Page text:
Why articles in IELTS matter
“The” is the most common word in English, “a” is the fifth most common, and statistically this means these are the words that you are most likely to make mistakes with: simply because they are the words you use most. Indeed in my experience in IELTS, and elsewhere, it is not the big words that cause the most problems, but the little ones.
Are you Indian? Do you speak Spanish, Mandarin, German, Russian, Arabic………?
It doesn’t really matter what language you speak, as the other major problem is that different languages use articles in different ways. For instance, certain Asian languages do not use articles and Indian language speakers, for example, often do not use articles at all in English. Again, certain European languages use articles differently: the word for “information” in French is “l’information” and French speakers will use articles in English when they shouldn’t.
A two step solution
My personal solution is to show you the general principles of how articles work in English. It isn’t going to be a complete solution. Rather, this is a solution designed to enable you to get articles right 7/8 times out of 10 and it is practical in that you can use it for yourself in the exam without a reference book beside you. The idea is that you ask yourself two questions:
- step 1 ask if is it general or particular
- step 2 ask if is it a countable or uncountable noun
Some basic concepts first
Before I show you the solution, I first need to check some basic concepts.
Concept 1 – general and particular
To see this idea, ask yourself what the difference is between “pollution” and “the pollution”? Pollution is general, while “the pollution is much more specific – an a particular instance of something. Look at these two examples:
Pollution is one of the major issues facing mankind in the 21st century.
Here “Pollution” is general
Perhaps the first step is to combat the air pollution in the cities caused by factories.
Here by contrast “The pollution” – is particular and refers to an instance of pollution.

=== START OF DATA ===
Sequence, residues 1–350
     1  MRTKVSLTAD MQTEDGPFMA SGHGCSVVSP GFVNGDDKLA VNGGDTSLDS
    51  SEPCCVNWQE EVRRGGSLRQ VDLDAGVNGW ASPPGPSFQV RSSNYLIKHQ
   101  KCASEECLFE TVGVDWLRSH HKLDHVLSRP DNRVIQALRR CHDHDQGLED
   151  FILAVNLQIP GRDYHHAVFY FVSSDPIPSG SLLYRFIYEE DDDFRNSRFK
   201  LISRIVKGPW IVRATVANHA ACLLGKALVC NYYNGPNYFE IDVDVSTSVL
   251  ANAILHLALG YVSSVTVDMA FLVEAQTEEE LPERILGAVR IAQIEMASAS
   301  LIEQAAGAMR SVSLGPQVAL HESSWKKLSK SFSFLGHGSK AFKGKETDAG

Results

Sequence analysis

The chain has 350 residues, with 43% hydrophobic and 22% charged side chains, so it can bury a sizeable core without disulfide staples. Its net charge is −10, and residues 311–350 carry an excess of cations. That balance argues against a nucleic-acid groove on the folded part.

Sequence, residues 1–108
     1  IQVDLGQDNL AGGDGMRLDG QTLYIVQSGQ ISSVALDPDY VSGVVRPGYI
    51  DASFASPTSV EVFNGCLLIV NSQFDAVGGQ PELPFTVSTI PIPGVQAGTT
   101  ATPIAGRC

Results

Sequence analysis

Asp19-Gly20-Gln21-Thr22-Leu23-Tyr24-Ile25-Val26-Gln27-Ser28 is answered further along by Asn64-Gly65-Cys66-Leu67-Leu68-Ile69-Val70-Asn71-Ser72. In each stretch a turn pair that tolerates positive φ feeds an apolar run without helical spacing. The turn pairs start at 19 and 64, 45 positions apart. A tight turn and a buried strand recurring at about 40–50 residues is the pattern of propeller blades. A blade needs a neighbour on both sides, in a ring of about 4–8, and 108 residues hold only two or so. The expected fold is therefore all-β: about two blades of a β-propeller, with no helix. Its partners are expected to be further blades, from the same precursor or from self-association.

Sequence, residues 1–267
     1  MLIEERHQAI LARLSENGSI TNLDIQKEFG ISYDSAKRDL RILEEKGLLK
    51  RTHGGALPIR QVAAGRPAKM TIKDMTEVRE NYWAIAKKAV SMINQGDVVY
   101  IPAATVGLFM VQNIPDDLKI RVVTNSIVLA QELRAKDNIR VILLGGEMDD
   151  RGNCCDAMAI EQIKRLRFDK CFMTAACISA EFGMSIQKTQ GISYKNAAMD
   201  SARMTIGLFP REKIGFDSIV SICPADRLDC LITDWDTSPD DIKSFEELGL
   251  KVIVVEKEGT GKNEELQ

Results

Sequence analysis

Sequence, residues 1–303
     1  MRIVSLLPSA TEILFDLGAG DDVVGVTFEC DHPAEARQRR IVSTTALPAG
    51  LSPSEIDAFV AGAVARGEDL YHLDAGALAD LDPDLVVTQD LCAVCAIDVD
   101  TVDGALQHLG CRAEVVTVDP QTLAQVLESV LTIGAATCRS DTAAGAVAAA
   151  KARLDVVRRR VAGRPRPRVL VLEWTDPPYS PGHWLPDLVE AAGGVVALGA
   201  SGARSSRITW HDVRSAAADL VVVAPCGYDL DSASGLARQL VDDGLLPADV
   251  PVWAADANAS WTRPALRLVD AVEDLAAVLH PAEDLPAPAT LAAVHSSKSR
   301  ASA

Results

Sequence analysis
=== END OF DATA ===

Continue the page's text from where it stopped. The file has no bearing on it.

Concept 2 – countable and uncountable
To understand the second idea you first need to see that some words in English are countable and others uncountable. And, just to confuse you,there are a surprising number that are both!
Countable nouns are words we can put in the plural or use with “a”. Often they are “thing” type words such as newspaper e.g.
newspapers and a newspaper
Uncountable nouns are those words we cannot put in the plural or use “a” with. Often they are idea/abstract/concept words such as information e.g.
informations is wrong, so is an information, we need to say information or the information
Flexible nouns are words which are sometimes countable and sometimes uncountable. These are often the ones that may catch you out. You really want to decide if you are talking about the thing or the idea. Look at the word university e.g.
He is going to university next year (uncountable)
He wants to go to a university close to his family. (countable)
Test yourself on countable and uncountable nouns
Countable and uncountable
Putting it into practice – the “rules”
I think the best way to show you my solution is to look at this table. It really does show you the key ideas you need to correct your most of your mistakes. I like it because it is so simple. It is something you can carry around inside your head.
- Countable nouns must have an article or something like an article such as some, many etc, or be put into the plural.
- The only time you can’t have an article with a noun is when it is an uncountable noun used in the general meaning.
- We always need the when we are talking about something in particular.
- Don’t forget that some words like university are flexible and can sometimes be countable and sometimes uncountable
Is this enough?
No. It isn’t the whole story. There is more to articles than this, but as I said above it is surprising how far it can take you. I have cheated slightly where I say that a chair is an example of general meaning. But I find that in practice this explanation does work for most learners.
I’d add that some words have their own grammar and you may need to learn them one by one. Geographical terms are a problem where there is little logic. So these you just have to learn:
Another unusual case is where we sometimes use “the” when we are talking generally about a category of things. So we can say:
the bicycle is a very common form of transport in Cambridge